“There are just so many resources that are geared toward students, as well as so many toward other ages. People think that libraries are just books, but in reality, they do much more for the community,” Franklin said
The importance of public libraries
Although libraries undoubtedly positively impact the communities around them, Representative Cody Smith’s proposal to defund all Missouri public libraries continue to threaten all they have accomplished.
Using the ACLU-MO court case where libraries protested book bans as the reasoning for defunding libraries is not only nonsequitur but, frankly, immature. Businesses and government branches should be able to legally argue with the governing body of a country and not get reprimanded for it, no matter the outcome of the argument. On top of that, these proposals would disproportionately affect minorities in many ways.
Minorities that live in non-suburban areas have a higher dependency on state funding and, therefore, would be hurt the most by these cuts. Many suburban libraries collect significant donations from communities, lowering their dependence on state funding.
“Our rural libraries rely the most heavily on this funding to serve their communities, and they will be crippled by this drastic budget cut. Given the present political climate of Missouri, we anticipate librarians fleeing in droves. We anticipate rural libraries closing, or remaining open with diminished collections, event offerings and floundering under oppressive labeling systems devised by hamfisted partisans who know nothing about libraries, and care nothing for their communities beyond their ability to yield votes,” the Missouri Library Association (MLA) wrote in a released statement.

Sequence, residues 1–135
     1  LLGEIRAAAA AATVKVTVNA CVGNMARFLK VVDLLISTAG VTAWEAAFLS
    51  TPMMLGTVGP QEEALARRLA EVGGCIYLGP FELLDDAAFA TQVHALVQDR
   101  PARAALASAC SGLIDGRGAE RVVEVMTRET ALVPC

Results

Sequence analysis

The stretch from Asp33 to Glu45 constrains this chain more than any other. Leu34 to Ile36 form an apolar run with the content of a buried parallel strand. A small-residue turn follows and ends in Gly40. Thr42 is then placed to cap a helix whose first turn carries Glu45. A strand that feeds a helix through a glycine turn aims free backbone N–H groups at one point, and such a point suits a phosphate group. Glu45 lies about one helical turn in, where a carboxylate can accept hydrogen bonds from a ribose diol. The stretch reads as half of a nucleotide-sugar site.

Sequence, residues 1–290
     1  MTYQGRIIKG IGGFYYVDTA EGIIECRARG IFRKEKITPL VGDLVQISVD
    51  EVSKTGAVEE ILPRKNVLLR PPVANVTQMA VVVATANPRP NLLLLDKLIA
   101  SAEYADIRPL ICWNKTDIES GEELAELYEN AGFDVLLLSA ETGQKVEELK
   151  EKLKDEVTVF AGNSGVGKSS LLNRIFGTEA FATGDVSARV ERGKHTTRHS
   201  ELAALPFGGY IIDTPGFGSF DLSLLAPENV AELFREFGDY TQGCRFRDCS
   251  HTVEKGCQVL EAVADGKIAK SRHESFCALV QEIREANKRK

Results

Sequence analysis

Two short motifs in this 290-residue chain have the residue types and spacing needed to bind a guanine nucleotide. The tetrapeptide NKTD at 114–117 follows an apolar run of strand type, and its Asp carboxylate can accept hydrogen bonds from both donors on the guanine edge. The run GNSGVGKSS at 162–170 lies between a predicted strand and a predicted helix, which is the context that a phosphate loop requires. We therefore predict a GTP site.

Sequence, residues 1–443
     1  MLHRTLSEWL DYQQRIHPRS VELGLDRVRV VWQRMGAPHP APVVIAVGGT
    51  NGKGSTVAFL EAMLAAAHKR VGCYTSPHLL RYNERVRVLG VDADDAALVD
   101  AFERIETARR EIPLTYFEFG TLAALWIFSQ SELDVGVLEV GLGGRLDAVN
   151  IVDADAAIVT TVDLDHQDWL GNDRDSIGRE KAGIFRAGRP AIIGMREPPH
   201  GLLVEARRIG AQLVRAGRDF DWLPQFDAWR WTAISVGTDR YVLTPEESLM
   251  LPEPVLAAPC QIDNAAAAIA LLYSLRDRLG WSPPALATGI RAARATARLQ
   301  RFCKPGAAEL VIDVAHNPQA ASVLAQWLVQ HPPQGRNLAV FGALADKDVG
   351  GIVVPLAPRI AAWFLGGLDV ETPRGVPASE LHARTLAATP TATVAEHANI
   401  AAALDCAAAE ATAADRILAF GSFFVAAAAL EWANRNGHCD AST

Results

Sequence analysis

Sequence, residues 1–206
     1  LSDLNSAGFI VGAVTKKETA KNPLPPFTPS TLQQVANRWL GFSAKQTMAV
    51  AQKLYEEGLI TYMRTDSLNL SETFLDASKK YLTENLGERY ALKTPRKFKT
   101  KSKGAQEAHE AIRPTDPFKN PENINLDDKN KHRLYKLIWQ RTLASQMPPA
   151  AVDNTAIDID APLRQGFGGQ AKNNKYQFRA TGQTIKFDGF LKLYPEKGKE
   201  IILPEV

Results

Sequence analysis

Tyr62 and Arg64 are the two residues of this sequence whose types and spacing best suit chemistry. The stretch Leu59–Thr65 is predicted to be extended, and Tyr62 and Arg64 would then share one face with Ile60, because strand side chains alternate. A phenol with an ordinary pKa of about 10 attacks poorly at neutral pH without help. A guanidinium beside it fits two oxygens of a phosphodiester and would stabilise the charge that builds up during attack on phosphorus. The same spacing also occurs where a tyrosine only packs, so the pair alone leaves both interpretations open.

The ACLU-MO case targets libraries for including explicit content regarding the LGBTQ+ community and ethnic minorities. The MLA is concerned that defunding the libraries is just another step in the ACLU-MO case, arguing that Missouri is trying to control the content in our libraries by defunding them.
“[The proposal] will be used almost exclusively to remove, label and restrict access to materials and events that feature the life experiences and stories of LGBTQ+, BIPOC, women and other historically marginalized communities – as has been a hallmark of anti-reader campaigns across the state and nation over the past year,” MLA wrote.
Libraries, whether through the school or the state, are extremely important to the neighborhoods around them. They provide accurate information, classes that help all age groups and opportunities for families to have fun. Even if community members decide not to use their public libraries, recognizing their importance is equally imperative. As Missouri’s Congress attempts to defund our public libraries, it is vital that community members remember how important our libraries are.
“There are so many good things that come from having a public space for neighbors to gather. Not everyone has access to good, true information — whether at our schools or the internet, not everyone has access to accurate information,” Brandmill said.